difference: after a few decades of such progress our car really will
cost only a few pennies, and so will all other manufactured goods.
What this means is that economic growth will become much less relevant
as a means of measuring human prosperity, at least by our current
standards. If prices for most material goods collapse while measures
such as GNP show modest growth, the practical result is a vast
improvement in the human condition.
Billy Brown, MCSE+I
While Billy Brown "would not argue [with my] conclusions on economic
grounds," he cautions against applying them to the real world because
"economic growth is a poor proxy for human benefit." Why? Currently
the "economic effects" of rapidly falling computer hardware prices
have been "relatively modest." By analogy, Mr. Brown presumes that
with molecular manufacturing (i.e., nanotech) the "prices for most
material goods [would] collapse while measures such as GNP show[ed]
modest growth." Since "the practical result [would be] a vast improvement
in the human condition," he concludes "economic growth will become
much less relevant as a means of measuring human prosperity."
Mr. Brown, there is no such thing as a non-economic human benefit.
If the participants in some social process perceive a type of benefit,
economists consider that benefit type fair game for economic analysis.
Now published statistics like GNP do neglect many types of human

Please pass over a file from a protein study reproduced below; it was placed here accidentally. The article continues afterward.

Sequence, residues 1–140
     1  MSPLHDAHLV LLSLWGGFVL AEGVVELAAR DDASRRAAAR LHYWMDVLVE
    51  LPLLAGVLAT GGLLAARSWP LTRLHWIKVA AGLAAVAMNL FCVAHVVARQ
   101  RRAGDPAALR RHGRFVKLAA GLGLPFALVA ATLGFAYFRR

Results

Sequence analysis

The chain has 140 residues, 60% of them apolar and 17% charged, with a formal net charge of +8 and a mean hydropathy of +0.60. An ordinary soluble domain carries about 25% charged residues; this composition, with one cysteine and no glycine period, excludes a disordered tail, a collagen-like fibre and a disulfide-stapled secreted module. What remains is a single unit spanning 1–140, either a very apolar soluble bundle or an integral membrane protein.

benefit. They would not, however, fail to notice a rapid fall in the
price of most material goods such as cars. Such a fall would certainly
show up as rapid GDP growth. How fast would car prices fall with
nanotech? That is exactly the question at issue here, isn't it? The
arguments of fast growth skeptics are not refuted by the fast growth
claims of nanotech optimists, though of course skeptics might be refuted
by more detailed economic analyses suggesting fast nanotech growth.
Robin Hanson, firstname.lastname@example.org
After re-reading Robin Hanson's paper, exchanging a bit of private e-mail,
and thinking about the issue, I've come to conclude that our disagreement is
a result of one of those definition problems that always crop up when you
have people from different fields debating a complex point. It seems to me
that what he means by "economic growth" would by definition include any sort
of human benefit, which of course invalidates my claim. What I meant by
"economic growth" was something more like "the Federal government's official
GNP figures", which is another matter entirely.
I must therefore concede that his model is not subject to the sorts of
problems I suggested. Anything that has any real effect on human welfare
should show up as economic growth, and I don't see any reason to contest his
conclusion about the conditions a technology must meet to cause economic
growth. Whether nanotechnology can actually meet those conditions is a
complex question best addressed elsewhere.
So, that reduces most of my comments to a complaint about the inaccuracy of
current measurement methods, which isn't especially relevant to the paper.
That being the case, I think that it is time for me to retire from the
Billy Brown, MCSE+I
I'm happy that Mr. Brown and I were able to work out our differences via
a private conversation, and I'm sorry that I didn't take the discussion
private from the very start.
Economists are well aware of the problems with government statistics.
The problem is that allowing government agencies more leeway in
including "squishy" harder to measure factors in their estimates also
allows more opportunities for corruption in constructing estimates.
Privately produced estimates can and do include squishy estimates, but
their quality is limited by the fact that much less money goes into
producing private estimates.